By MICHAEL O’NEAL
As graduation rapidly approaches for the University of Mary Washington’s class of 2015, the goal of finding a job looms ever more threateningly above the heads of students. There is a glimmer of hope, however, as recent studies show the odds of finding an occupation should increase for 2015 graduates.
Phil Gardner, director of Michigan State University’s College Employment Research Institute, provided insight to USA Today on this positive trend.
“Companies have continued their growth while minimizing the addition of staff, and they’ve just run out of staff,” said Gardner. “Very large companies haven’t hired consistently over the last 15 years, and now they have holes and huge turnover behind this economy.”
In addition to this, developments in recent years contributed to job growth in technology related fields.
The exact level of hiring varies from study to study, but most point to an increase. Michigan State University’s study was fairly optimistic, predicting a 16 percent increase in hires for recent college graduates. Another study by the National Association for Colleges and Employers had slightly lower expectations, stating that growth would likely be between eight and ten percent.
Heather Kennedy, a senior historic preservation major, said she likes the prospects but is anxious to get results.
“It’s encouraging to hear that my chances are higher, but I won’t really relax until I find a job,” said Kennedy.
Even during an economic recession, UMW graduates have performed well in the job market. A 2011 UMW alumni survey showed that among respondents who graduated between 2007 and 2011, 70 percent indicated they were employed full time, while 11.5 percent indicated they were full-time students. Only 3.1 percent identified as “unemployed, searching.”
These studies suggest that employment after graduation, while intimidating, is attainable for the class of 2015.
An alternate pathway, graduate school, is also a promising avenue for many UMW graduates. The 2011 alumni survey revealed that among respondents who graduated prior to 2007, more than 46 percent completed a graduate degree. Among respondents who graduated between 2007 and 2011, more than 43 percent indicated that they were presently enrolled in graduate school at least part-time.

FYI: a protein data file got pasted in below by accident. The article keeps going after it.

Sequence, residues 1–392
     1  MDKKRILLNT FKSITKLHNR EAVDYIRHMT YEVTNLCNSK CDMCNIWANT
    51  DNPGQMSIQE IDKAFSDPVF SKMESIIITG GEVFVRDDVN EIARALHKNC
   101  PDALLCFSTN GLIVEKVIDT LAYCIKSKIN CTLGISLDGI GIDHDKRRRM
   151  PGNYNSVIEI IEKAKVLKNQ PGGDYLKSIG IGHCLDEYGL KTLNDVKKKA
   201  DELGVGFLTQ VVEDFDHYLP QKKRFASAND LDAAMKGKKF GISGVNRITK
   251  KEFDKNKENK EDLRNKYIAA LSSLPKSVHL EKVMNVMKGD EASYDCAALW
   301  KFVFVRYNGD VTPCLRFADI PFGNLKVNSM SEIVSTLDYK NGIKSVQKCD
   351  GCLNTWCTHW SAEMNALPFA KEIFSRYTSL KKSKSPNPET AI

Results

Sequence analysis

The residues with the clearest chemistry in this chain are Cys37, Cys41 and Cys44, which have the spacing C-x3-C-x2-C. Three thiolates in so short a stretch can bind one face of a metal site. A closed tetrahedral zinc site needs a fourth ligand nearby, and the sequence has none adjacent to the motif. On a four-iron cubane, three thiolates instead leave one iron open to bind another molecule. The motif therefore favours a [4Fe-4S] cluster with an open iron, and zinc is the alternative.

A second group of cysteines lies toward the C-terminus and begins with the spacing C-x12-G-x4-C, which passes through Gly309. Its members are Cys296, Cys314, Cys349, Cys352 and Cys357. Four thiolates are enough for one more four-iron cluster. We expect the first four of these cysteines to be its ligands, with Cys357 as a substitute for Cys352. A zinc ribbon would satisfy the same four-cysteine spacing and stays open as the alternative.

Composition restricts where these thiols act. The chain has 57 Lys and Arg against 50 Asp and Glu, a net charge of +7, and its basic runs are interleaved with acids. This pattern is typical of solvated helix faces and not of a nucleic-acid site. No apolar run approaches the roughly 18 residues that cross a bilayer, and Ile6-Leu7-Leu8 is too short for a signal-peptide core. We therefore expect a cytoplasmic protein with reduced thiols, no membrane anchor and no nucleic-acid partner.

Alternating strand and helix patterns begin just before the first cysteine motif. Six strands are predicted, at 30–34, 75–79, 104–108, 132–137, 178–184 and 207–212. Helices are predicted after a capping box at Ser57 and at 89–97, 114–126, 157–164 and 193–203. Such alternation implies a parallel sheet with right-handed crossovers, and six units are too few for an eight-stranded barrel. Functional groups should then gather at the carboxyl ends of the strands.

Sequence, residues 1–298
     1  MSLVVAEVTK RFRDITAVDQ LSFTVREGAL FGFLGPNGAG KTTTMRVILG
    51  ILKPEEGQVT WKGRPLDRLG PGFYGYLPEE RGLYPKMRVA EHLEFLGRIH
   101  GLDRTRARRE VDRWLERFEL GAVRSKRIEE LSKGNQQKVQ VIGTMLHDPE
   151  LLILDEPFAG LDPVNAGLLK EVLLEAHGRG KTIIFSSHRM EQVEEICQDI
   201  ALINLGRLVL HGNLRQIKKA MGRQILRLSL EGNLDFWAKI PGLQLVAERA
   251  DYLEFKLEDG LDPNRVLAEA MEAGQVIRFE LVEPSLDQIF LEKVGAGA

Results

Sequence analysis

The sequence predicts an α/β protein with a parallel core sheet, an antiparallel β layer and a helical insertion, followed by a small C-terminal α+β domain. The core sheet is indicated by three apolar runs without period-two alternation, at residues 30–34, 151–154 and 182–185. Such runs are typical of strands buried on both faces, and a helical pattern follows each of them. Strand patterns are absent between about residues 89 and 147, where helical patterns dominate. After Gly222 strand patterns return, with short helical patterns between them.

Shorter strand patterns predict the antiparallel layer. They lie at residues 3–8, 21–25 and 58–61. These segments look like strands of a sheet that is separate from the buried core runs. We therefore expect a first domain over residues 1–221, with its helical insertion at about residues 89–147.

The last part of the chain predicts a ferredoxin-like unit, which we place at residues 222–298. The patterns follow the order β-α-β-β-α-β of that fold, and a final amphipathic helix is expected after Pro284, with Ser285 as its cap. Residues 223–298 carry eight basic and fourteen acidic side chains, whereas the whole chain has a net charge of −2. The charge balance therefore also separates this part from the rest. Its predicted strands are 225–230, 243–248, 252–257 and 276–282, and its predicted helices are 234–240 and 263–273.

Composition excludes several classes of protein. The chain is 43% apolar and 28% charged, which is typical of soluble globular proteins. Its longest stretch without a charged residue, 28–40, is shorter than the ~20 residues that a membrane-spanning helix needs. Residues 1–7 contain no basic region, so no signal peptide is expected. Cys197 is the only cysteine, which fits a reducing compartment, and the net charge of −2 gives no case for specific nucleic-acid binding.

Both MSU and NACE credit a change in the economy as the driving force for the increased hiring rates, specifically noting the large and aging “Baby Boomer” population who are rapidly retiring.
“Boomers have been working longer, but now a large portion of them are starting to retire,” said Gardner. “When they get to the retirement age, it will have a bigger impact on organizations that are really tied to those that really can’t capture global labor.”
Andrea Koncz, a research manager at NACE, said in an interview with USA Today that employers are looking to hire more staff, but they expect staff to have prior experience, such as internships, and other hirable qualities.
“Employers are typically looking for people with good teamwork and leadership skills,” said Koncz. “They like to see students have relevant work experience, which they could get through an internship as well.”
For graduates struggling to find a job, internships, coupled with a part-time job, can provide an avenue for future full-time employment. Senior sociology major Ryan Lacey said he is willing to try different options.
“Honestly I’ll be grateful to find any job,” said Lacey. “I don’t have the luxury of being picky.”
UMW does offer assistance for students on the job hunt. Academic and Career Services provides counseling, resume-building workshops and “Employ-an-Eagle,” a job and internship posting website designed specifically for UMW students.
Experts believe these increased opportunities will continue to be available to future college graduates as well, an encouraging fact for the non-graduating UMW student body.
“I think the rates will stay the same,” said Koncz. “It may keep increasing a bit over the years, but it’s always been important to hire recent college graduates.”